Recently, the United Nations Development Program (UNDP) held a meeting in Cairo, Egypt, to discuss the importance of Income-Transfer Policies – initiated in 1995 in Brasília with the Bolsa-Escola and transformed into the Bolsa Família in 2004 – in the reduction of world poverty.
Participating in the meeting were UNDP representatives from 56 countries. During this meeting, former New Zealand Prime Minister and current UNDP Administrator Helen Clark said something surprising: “Africa is a rich continent.” Although surprising, this statement is correct since it affirms that a people’s wealth lies in its population.
For Ms. Clark, the challenge of abolishing poverty involves a mobilization of the population to produce the goods needed by the poor. Income transfer is the road for this mobilization so that the poor come together to produce that which they need, thus creating the surplus that traditionally characterizes wealth.
Called “Productive Post-Keynesianism,” this logic’s best-known instrument is the Bolsa-Escola, the program through which a mother receives payment for participating in her children’s production of education.
When poverty is treated as if it were a lack of income, the poor population is seen as reducing per-capita income and not as inducing production. With her observation, Ms. Clark presented a new vision: first, because, if the poor person is producing, he or she has become wealth; second, because she affirmed that poverty is not a question of income, but, rather, of the offer of goods and services.
In the traditional Keynesianism of the rich countries, the government transfers income to the unemployed population merely to create demand and, therefore, dynamize the economy, with no need for producing the public goods needed by the population. On the other hand, Conditional Income Transfers generate a product that increases the offer of the goods and services the poor need. These programs transform an idle workforce into an active one; they increase the offer and transform necessity into demand.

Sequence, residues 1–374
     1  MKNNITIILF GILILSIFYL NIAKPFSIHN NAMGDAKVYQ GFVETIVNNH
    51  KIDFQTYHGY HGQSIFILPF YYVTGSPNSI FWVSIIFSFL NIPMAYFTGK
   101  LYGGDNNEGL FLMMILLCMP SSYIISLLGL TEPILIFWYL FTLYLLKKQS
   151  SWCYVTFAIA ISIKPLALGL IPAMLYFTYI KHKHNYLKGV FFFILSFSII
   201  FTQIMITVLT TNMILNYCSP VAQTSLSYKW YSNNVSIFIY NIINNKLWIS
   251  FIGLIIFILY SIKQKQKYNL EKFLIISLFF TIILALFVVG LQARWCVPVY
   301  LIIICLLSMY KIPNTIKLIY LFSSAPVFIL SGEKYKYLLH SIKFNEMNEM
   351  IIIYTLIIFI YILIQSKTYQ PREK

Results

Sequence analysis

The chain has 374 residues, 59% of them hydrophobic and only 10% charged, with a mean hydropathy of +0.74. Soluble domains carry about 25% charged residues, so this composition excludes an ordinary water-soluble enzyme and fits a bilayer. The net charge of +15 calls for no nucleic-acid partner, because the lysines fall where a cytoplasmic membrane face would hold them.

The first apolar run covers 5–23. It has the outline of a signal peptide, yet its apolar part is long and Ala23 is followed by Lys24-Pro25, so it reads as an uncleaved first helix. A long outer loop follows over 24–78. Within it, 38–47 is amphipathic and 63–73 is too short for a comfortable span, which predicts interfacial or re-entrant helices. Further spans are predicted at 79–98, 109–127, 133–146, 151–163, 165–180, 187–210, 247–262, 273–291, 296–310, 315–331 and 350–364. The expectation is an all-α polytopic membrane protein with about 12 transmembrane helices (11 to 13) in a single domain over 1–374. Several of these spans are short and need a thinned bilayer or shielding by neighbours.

The Bolsa-Escola guaranteed income by creating a Social Protection Network (known by its Brazilian acronym RPS) and, at the same time, it placed the children in school, serving as a Social Ascension Ladder (EAS in Portuguese). That is also the proposal of the Bolsa-Família.
The book A Segunda Abolição, published by Editora Paz e Terra in 1999 – which was distributed in Cairo in its English-language version, Abolishing Poverty – describes other programs, many of them established in the Federal District between 1995 and 1998, such as the hiring of the unemployed workforce to produce what would improve the standard of living of the poor population. Today, for example, it is necessary to accelerate employment for tree planting, thus confronting the ecological problem.
In summary, the transfer of income must be conditioned upon the work of the beneficiary, producing that which he or she needs. Without this, the resource represented by the beneficiary will continue inactive.
Besides its productivity, the new Keynesianism has social and ecological aspects, and it needs to have fiscal responsibility. The transfer financing must be made with reduction of superfluous State spending, stanching of corruption, and guarantee of fiscal balance.
At the same time, the transfer must be made democratically, which demands combining the available resources with the amount of time possible for execution of the program. The greater the social will to make the transfer, the less time will be necessary to combat poverty.
What is most important is the concept raised by Helen Clark that wealth lies in the persons: you are the wealth.
Cristovam Buarque is a professor at the University of Brasília and a PDT senator for the Federal District. You can visit his website – www.cristovam.org.br – and write to him at email@example.com.
Translated from the Portuguese by Linda Jerome LinJerome@cs.com.